Trapper Schoepp’s ‘May Day’ Q&A: Singer/Songwriter Talks New Album, Collaborating with Bob Dylan & More

Jeff SlateCategories:Featured Articles

Rock Cellar Magazine

Trapper Schoepp came to international prominence, not surprisingly, when he collaborated with Bob Dylan.

The song, “On, Wisconsin,” paired a discarded Dylan lyric from 1961 with Schoepp’s music and killer chorus for what ended up garnering the Wisconsin-born musician a co-write with one of his heroes.

“I was scooping couscous in Whole Foods when I found out,” Schoepp says when he recalls the fateful call from his manager, telling him that his name would be paired with Dylan’s for eternity.

It might certainly have felt like the peak of an already decade-long career, but Schoepp had made a clutch of fantastic albums, including 2016’s Rangers & Valentines, produced by the Raconteurs’ Brendan Benson, and Primetime Illusion, the 2019 release produced by Wilco multi-instrumentalist Pat Sansome that included “On, Wisconsin,” and was full of the sort of piano and guitar interplay, gorgeous vocal harmonies and top-notch songs associated with the classic singer-songwriter albums of the 1970’s. 

This month, Schoepp is back with May Day, a remarkable new album recorded with his longtime collaborator Ian Olvera during lockdown. The album, recorded near Schoepp’s hometown of Milwaukee, Wisconsin, amidst the pandemic and citywide protests for racial equity, explores reckoning with the past while remaining hopeful about the future across its 10-song cycle, in classic-sounding, old school pop songs that pack a bigger punch than just about anything currently on the charts.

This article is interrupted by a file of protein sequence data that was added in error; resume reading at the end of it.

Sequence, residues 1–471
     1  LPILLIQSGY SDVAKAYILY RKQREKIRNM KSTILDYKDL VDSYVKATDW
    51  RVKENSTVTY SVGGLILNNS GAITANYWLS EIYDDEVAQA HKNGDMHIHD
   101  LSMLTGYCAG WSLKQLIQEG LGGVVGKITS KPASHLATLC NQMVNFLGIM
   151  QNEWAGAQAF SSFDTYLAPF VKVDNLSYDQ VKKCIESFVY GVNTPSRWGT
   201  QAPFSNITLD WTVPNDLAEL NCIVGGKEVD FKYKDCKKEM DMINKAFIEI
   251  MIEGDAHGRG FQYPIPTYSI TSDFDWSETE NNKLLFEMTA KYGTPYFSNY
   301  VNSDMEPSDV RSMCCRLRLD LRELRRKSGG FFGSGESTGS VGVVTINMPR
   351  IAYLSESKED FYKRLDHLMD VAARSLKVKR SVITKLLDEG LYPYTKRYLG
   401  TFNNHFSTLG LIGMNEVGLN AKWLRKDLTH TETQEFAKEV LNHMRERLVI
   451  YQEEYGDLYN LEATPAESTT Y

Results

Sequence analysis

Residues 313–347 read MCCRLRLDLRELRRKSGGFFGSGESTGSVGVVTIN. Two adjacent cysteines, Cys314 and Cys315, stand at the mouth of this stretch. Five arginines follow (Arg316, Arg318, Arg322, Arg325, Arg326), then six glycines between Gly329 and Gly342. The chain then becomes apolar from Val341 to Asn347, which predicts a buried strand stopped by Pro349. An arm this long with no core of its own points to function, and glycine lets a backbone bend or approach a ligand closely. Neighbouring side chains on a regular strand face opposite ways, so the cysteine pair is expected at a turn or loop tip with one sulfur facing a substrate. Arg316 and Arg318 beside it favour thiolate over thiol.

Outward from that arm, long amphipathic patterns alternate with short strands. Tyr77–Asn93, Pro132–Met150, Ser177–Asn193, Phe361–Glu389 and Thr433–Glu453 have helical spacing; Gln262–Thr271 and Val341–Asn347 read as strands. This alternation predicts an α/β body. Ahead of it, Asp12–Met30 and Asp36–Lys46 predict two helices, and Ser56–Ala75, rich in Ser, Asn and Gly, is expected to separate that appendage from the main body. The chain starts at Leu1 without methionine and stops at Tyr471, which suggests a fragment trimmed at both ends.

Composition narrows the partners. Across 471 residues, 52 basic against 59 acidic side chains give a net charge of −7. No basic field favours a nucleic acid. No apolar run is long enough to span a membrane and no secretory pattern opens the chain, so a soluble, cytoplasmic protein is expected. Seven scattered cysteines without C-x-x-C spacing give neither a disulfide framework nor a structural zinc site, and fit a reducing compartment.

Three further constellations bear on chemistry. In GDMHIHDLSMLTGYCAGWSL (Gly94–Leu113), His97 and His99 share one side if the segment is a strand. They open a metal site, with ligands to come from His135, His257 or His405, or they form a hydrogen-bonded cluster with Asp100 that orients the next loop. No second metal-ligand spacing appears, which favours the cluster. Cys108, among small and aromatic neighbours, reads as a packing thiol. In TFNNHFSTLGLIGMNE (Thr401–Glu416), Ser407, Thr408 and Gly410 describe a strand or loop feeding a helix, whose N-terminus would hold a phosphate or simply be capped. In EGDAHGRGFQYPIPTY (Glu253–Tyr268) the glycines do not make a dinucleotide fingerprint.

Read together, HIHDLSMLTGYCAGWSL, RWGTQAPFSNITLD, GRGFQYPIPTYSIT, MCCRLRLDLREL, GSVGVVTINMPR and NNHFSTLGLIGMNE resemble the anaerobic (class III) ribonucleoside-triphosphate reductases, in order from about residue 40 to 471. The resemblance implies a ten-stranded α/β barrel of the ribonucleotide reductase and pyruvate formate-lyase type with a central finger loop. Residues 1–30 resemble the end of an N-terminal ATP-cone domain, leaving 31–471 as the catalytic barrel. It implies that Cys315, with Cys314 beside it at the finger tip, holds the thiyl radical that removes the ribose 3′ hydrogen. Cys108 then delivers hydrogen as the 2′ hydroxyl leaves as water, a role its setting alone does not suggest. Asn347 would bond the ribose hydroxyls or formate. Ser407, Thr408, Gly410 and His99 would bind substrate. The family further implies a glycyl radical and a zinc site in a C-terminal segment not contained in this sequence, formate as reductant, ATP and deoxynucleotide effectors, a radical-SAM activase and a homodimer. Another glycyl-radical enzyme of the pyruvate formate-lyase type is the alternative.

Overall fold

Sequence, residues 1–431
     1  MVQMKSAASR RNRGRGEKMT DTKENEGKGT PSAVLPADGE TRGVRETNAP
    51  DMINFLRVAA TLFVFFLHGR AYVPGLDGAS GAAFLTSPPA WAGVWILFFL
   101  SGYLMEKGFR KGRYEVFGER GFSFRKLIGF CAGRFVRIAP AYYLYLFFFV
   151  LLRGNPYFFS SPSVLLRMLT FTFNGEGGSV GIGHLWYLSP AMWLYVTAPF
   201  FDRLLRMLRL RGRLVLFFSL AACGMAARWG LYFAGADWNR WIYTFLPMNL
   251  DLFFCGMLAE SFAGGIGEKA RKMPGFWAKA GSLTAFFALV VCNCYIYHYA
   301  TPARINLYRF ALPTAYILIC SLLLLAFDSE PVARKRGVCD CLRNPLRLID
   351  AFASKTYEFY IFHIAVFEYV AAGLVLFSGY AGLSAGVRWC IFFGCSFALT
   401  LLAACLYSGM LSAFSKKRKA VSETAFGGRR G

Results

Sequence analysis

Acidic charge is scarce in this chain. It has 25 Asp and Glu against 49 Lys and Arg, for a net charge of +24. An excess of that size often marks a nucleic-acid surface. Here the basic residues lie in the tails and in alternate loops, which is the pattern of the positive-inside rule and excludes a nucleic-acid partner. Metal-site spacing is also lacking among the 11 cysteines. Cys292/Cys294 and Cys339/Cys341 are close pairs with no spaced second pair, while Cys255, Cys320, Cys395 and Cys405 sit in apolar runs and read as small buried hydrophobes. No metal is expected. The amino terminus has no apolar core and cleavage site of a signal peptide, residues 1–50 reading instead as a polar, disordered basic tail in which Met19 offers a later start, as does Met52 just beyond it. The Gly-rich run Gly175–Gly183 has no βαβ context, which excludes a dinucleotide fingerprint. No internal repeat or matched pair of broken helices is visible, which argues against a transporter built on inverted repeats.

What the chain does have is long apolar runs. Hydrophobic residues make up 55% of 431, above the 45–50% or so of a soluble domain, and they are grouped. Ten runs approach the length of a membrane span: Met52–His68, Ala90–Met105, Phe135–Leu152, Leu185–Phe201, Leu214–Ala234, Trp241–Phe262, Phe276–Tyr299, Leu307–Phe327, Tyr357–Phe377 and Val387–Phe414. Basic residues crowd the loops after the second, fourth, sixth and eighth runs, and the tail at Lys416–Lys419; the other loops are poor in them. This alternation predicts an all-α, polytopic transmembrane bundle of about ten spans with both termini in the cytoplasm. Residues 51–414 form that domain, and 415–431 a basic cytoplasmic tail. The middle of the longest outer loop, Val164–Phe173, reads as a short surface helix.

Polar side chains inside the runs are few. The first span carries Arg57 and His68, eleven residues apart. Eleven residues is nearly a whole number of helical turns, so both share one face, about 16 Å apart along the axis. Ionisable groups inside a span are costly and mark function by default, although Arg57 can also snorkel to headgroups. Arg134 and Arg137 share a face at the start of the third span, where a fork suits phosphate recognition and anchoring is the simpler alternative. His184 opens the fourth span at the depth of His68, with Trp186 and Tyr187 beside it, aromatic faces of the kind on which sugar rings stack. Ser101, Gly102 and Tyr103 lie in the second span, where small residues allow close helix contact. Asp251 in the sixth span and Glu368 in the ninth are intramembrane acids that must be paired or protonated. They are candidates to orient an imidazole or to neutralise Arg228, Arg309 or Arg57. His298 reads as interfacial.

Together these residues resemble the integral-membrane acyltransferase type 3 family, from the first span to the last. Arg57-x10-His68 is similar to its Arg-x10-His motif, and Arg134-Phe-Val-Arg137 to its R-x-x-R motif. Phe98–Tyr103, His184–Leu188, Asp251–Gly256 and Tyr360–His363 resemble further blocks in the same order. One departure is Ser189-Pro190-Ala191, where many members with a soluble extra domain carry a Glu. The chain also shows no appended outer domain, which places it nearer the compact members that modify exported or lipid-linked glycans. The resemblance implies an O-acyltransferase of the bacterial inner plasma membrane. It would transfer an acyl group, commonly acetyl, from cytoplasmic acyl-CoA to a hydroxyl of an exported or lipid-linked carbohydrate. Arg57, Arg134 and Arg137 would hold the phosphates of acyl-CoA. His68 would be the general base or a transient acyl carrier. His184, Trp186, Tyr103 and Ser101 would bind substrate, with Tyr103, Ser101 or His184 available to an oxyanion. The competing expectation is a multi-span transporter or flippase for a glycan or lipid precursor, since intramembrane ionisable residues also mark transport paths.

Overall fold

Schoepp spoke to Rock Cellar from his home, about his unlikely origin story, how he discovered Dylan, and why he set a piano on fire for his latest music video.

Rock Cellar: For starters, tell me a bit about where you grew up and how you came to be making albums at such a young age, when most kids are just finding their way.

Trapper Schoepp: Well, I grew up along the Mississippi River, in the Mississippi River Valley, in a town called Ellsworth, Wisconsin, which is a town of 3,000 people, a postage stamp-sized town, if you will. And it is the cheese curd capital of the world, which is fitting, because Dylan mentions cheese, of course, in “On, Wisconsin.”

Rock Cellar: Which we will get to.

Trapper Schoepp: Yeah. So, I grew up in Ellsworth, but I was born in Red Wing, Minnesota, home of the boots, and that’s a famous a famous Dylan song as well, about the juvenile detention center there.